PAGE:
2021 FORD BRONCO SPORT TEST DRIVE
2021 FORD BRONCO SPORT TEST DRIVE BY CAR CRITIC STEVE HAMMES
It seems like a lifetime ago that I was sitting inside of Joe Louis Arena as Ford revealed their plans to reboot the Bronco. It was so long ago that the building no longer even exists.
But at the time, we didn’t know that in addition to the Bronco itself Ford would also birth an entire Bronco family of vehicles, including this little guy, the Bronco Sport.
Just because 2 vehicles share a name doesn’t necessarily mean they have much in common. Such is the case with the upcoming Bronco and this new Bronco Sport. Sure, they’re both real off-roaders, or at least can be specified that way, but that’s just about all they share.
Think of the Bronco Sport as the Escape’s country cousin. Built South of the Border upon a unibody, front-wheel drive platform that’s significantly shorter than the Escape’s but about 3” taller, the Bronco Sport is equipped with standard 4-wheel drive and carries a starting MSRP of just over $28,000.
Ford has given the trim levels cool names like Big Bend and Outer Banks but it’s this Badlands model that they deem the pinnacle of off-road performance. So if you want the more powerful engine, the better 4-wheel drive system, the differential lock, more drive modes, all-terrain tires, off-road tuned suspension, an extra inch of lift and more aggressive off-road geometry, then this is the only model for you.
$34,315 is where the pricing starts and this one with the amenity-laden Badlands Package and Co-Pilot360 Assist + driver tech checks in at $37,705; slightly less than a loaded Jeep Compass Trailhawk which serves a similar purpose in life and about $12,000 less than a comparable Bronco Badlands.
I’ve had a lot of fun this week taking the Bronco Sport out on snow-covered trails where the combination of G.O.A.T. modes – short for goes over any type of terrain – capable Pirelli tires and nearly 9” of ground clearance has made for confident exploration. The hood is squared off to help better visualize the vehicle’s dimensions and a 180 degree off-road camera automatically triggers when you dial into the 4X4 settings.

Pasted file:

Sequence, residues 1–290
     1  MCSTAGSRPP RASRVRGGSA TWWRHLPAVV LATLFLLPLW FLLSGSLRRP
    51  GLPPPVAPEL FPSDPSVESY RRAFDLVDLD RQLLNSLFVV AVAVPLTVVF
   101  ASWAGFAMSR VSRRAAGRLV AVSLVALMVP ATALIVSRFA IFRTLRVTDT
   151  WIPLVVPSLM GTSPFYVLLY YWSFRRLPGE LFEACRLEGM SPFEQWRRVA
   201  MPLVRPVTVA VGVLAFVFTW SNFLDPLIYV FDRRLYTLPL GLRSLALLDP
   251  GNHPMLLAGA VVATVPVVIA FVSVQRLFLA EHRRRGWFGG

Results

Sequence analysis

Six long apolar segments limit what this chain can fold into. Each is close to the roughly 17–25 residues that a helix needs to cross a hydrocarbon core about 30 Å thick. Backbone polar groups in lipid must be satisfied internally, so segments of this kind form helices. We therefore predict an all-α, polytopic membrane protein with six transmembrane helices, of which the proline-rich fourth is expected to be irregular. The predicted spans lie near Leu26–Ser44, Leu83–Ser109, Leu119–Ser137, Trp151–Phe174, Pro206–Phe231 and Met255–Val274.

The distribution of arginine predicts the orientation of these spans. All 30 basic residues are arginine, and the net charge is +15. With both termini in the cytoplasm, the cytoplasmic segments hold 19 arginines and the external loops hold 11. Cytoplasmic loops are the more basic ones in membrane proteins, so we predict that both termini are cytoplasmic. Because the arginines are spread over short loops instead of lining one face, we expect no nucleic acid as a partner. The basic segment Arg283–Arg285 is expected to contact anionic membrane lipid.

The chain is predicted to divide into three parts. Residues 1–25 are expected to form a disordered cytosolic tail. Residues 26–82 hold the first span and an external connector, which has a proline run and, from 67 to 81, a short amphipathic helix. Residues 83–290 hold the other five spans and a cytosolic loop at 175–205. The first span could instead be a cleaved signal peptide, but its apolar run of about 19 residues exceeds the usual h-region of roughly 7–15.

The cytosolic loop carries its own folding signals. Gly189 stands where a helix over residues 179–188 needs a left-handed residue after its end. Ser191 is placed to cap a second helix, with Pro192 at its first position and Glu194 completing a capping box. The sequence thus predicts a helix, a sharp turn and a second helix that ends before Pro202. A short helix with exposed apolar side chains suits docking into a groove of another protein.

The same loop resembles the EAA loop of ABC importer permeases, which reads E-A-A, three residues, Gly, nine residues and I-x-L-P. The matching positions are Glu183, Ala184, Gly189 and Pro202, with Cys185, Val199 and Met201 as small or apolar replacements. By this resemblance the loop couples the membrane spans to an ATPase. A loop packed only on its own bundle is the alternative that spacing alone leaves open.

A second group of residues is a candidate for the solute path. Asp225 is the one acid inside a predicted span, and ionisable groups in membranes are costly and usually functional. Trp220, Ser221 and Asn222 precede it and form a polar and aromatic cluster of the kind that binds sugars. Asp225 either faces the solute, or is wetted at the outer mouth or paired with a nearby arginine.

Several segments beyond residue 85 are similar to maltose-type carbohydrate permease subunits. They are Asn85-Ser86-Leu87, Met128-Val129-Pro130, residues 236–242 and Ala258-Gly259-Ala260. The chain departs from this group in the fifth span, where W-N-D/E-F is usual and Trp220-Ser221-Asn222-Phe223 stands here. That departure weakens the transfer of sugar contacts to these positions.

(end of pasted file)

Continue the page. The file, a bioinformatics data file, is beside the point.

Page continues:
And there’s a differential locker for extra traction. With iced-over snow, ruts and mud lurking beneath the Badlands climbs steep hills and beautifully manages the turbo’s output through the myriad G.O.A.T. modes making it seem like it’s never breaking a sweat. I don’t have access to my usual summer trails but in these snowy conditions the Bronco Sport conquers all obstacles.
The upsized 2.0-liter EcoBoost is rated at 250 horsepower and 277 pound-feet of torque matched to an 8-speed auto with paddle shifters – a huge advantage it has over its Jeep rival.
The best part of the Badlands is that it kicks butt off-road while providing a really, sophisticated, softly-sprung ride on-road. And the cabin’s quietness adds to the sense of it being more substantial than the price would indicate. The turbo’s strong too and Ford has made it sound good from in here. I’m less impressed with the heavy dose of Escape interior bits which felt old and less-than right out of the gate when it was last redesigned. But all told the Sport makes for an excellent, more affordable companion to its bigger brother.
When the rear wheels aren’t needed the driveshaft disconnects in order to save fuel, helping the Bronco Sport achieve 23mpg in combined driving on regular. And when the rear wheels are in play the Badlands dual clutch drive unit is capable of diverting torque to each individual wheel. The softer springs invite a more comfortable ride both on- and off-road and everything about the driver controls seems precise.
It’s the $2,595 Badlands Package that adds most of these creature comforts which elevates this Bronco Sport to premium status, like the moonroof, heated steering wheel, 10-speaker B&O Sound System, power seats, remote start, dual zone automatic climate control and more.
The leather-trimmed seats look and feel great and you’ll find little Bronco Easter eggs throughout such as on the easy-to-reach touchscreen. There’s a wireless charge pad but no wireless phone projection – a pet peeve of mine – but this previous gen SYNC3 system is simple and intuitive if not a bit yesterday, frankly like a number of the Sport’s touchpoints. But the driver display has awesome graphics and cool splash screens that add to the Bronco ambiance.
And then there’s the clever stuff like zippered seatback pockets, a tailgate with flip up glass, a rubberized cargo floor with seatbacks that are also rubberized so you can load in the dirty stuff with impunity and there are tie downs and hooks.
There’s even a bottle opener located in the hatch and an underseat storage bin that can handle wet or muddy gear and be hosed out like the rest of the rubber floor. And a full-size spare in a 4X4 is always a welcome sight.
This Kodiak Brown, which often looks black, really does nothing for me and the vehicle shape as a whole doesn’t ooze with style. Over 100 accessories allow for bigtime personalization though including a Yakima interior bike rack that allows for 2 standing mountain bikes.
So as my loan comes to an end the Bronco Sport has left me feeling confident about Ford’s plans to grow the Bronco family, and even though Ford estimates that only 15% will roll out as a Badlands model those who choose it are getting one tough little SUV.
2021 FORD BRONCO SPORT TEST DRIVE BY STEVE HAMMES | TESTDRIVENOW 2021(c)